Did you know that forms and other tools can actually make mental health counselor work easier?
In this power point presentation on SOAP Note Writing tips for mental health counselors you will take away 3 things:
- The #1 thing to remember when writing SOAP Notes
- A common mistake counselors make in writing notes
- How to help keep yourself out of legal trouble
Forms do not have be a necessary evil. They can and should be a dynamic guide that leads you and your clients successfully through the therapeutic process. These SOAP note tips will help you to really appreciate the need for a quality SOAP Note form.
The #1 thing to remember when sitting down to write your SOAP notes is who is your audience.
Ask yourself, “Who will be reading this note?” “Who is the audience?”
As you may know a SOAP Note becomes part of the client’s chart, aka the medical record. The therapist may keep therapy notes apart from the chart, but the SOAP note is part of the record which means it could potentially be viewed now or in the future by
- The client
- Other professionals working with client
- A judge or attorney
A very common mistake counselors make is not using a concise format when writing their notes and not being intimately familiar enough with the SOAP format to remain ethically, legally and professionally above board.
TAKE AWAY TIP: Frequently review tips on how to write a good SOAP note.
I don’t know about you but I always had trouble remembering what the acronym stands for and means. Let’s quickly review what SOAP stands for and I’ll give you a simple example to help you understand and remember the meaning of each letter:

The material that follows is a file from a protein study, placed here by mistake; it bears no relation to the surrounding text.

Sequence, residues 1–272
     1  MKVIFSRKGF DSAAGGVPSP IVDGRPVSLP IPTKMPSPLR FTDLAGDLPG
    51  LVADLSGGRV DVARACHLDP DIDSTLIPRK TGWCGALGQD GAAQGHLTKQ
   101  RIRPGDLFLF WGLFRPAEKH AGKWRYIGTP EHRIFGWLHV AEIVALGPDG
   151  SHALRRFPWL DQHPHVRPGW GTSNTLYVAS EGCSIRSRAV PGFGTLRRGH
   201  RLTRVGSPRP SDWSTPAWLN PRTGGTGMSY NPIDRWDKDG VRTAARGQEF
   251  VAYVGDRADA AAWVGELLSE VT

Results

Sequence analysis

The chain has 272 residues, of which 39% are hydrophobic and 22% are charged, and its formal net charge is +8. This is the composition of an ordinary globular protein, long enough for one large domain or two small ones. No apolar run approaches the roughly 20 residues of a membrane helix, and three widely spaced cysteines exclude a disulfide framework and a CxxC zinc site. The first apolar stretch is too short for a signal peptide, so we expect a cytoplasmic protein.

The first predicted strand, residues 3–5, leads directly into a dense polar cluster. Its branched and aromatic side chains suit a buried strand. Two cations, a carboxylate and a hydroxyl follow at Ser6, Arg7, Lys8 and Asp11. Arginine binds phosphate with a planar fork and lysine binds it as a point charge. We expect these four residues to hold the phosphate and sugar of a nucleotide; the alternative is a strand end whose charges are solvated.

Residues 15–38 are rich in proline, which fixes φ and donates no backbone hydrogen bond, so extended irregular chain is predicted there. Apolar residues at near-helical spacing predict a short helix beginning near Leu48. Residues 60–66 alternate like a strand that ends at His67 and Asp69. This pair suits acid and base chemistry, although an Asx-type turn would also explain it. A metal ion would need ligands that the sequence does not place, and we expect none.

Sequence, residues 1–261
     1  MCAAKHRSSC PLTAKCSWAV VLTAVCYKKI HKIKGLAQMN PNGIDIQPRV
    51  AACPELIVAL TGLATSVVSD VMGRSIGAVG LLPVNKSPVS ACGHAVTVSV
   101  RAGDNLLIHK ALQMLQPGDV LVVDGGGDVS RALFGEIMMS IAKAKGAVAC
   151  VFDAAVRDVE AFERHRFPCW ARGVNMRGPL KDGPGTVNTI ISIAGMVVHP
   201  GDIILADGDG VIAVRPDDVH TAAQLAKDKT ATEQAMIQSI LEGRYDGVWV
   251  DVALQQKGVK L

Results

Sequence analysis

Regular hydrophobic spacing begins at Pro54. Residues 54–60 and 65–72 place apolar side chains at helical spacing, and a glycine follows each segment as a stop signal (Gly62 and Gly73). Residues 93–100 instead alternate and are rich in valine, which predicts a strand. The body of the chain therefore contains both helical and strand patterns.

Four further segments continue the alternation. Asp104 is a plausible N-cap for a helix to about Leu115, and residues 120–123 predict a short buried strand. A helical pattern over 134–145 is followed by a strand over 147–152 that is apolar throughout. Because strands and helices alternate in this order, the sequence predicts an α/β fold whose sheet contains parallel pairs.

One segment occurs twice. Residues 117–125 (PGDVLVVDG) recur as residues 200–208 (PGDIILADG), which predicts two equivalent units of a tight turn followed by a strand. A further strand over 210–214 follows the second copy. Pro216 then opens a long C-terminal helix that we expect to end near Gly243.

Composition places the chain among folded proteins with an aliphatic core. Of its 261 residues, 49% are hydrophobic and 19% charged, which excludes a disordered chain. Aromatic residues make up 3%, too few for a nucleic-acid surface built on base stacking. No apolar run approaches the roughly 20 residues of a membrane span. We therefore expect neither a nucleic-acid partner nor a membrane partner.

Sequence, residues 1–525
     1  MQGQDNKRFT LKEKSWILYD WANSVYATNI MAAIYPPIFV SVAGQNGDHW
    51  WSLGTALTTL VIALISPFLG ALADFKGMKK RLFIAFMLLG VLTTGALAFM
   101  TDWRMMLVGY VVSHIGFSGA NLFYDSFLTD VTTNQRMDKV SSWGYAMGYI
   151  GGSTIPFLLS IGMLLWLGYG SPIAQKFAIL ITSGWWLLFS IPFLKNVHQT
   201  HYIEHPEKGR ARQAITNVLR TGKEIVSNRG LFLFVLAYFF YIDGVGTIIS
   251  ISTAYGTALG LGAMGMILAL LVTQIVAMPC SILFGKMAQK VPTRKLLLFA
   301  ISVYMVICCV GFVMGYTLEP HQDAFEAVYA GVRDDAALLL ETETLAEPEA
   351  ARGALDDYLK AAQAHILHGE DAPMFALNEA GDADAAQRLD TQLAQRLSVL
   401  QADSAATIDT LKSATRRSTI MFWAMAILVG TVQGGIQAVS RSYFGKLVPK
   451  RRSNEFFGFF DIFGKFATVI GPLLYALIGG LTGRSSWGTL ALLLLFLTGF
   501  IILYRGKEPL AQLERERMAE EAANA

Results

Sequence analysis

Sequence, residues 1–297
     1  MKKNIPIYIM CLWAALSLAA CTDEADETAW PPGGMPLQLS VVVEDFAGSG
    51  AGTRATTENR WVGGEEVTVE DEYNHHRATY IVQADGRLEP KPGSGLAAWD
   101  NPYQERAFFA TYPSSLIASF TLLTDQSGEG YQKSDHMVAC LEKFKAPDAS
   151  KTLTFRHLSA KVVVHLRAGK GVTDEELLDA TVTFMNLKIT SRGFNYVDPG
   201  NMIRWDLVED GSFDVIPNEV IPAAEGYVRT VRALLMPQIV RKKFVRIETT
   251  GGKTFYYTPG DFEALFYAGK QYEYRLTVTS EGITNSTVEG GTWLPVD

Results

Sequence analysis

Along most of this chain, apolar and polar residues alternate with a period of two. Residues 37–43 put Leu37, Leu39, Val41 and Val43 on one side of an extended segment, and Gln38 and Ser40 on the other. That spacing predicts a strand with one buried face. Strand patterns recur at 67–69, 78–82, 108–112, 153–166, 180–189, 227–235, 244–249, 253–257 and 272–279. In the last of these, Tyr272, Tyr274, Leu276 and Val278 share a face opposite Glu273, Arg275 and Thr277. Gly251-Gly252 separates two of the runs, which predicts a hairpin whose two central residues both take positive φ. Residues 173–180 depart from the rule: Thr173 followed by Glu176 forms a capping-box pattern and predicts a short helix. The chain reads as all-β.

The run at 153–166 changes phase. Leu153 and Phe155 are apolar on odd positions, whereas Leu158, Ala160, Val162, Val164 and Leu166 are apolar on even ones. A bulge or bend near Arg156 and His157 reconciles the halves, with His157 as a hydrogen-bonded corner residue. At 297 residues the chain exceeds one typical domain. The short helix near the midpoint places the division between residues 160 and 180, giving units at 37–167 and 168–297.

Remember the S stands for subjective. Subjective data are typically things the client reported to you, “I am feeling very tired today and had trouble getting out of bed.” Subjective refers to data that are more like opinion. Statements colored by perceptions, feelings and experiences.
The O stands for Objective. Things you the therapist observed about the client. Objective data is measurable and observable. The client kept closing their eyes and their head was nodding. Medication was increased 1 week prior.
The A refers to Assessment. Your professional assessment based on what was reported and what you observed in the session, “Client appears to be over medicated.”
The P refers to the Plan. The plan is the action you and the client will take. In this case call a family member to drive client home. Contact the clients MD immediately to discuss symptoms and plan.
Can you see how using and being familiar with the SOAP format will help you stay focused on what is important?
Here’s another TAKE AWAY TIP: Before each session review your SOAP from the previous session. During the session review the key points from your note with your client.
By doing this the SOAP format drives the treatment forward.
You can also see how using your SOAP note in this provides the therapist and your client with accountability – by sticking to the SOAP format you will rest assured you are keeping the sessions client focused, remaining on top of important aspects of treatment and collaborating with your client to ensure they seeing the progress they hoped for.
Keep Yourself Out of Legal Trouble
Because many therapists do not ever get their charts subpoenaed, don’t work with adjunct professionals who need access to their records and rarely have a client who asks for a copy they get lax about asking the question to themselves each and every time they sit down to do a SOAP note “Who am I writing the note for?”…I am writing this for the medical record.
Ask yourself, if another professional read this SOAP note would they get a clear picture of the client’s symptoms, problems, assessment and plan of action? If the record is subpoenaed is it going to protect the client and the therapist because it is clear, consistent, accurate and measurable.
I am sure you can see at this point how having a good quality SOAP note with check boxes and prompts to remind you to address things like risk assessment, medication management, mental status, assessment and plan will all help to keep you professionally ethical and legally above board.
So remember to always ask yourself, “Who am I writing this SOAP note for?”
Consider who could potentially have access to or read the notes in the future
A good quality SOAP note guides you through the note writing process
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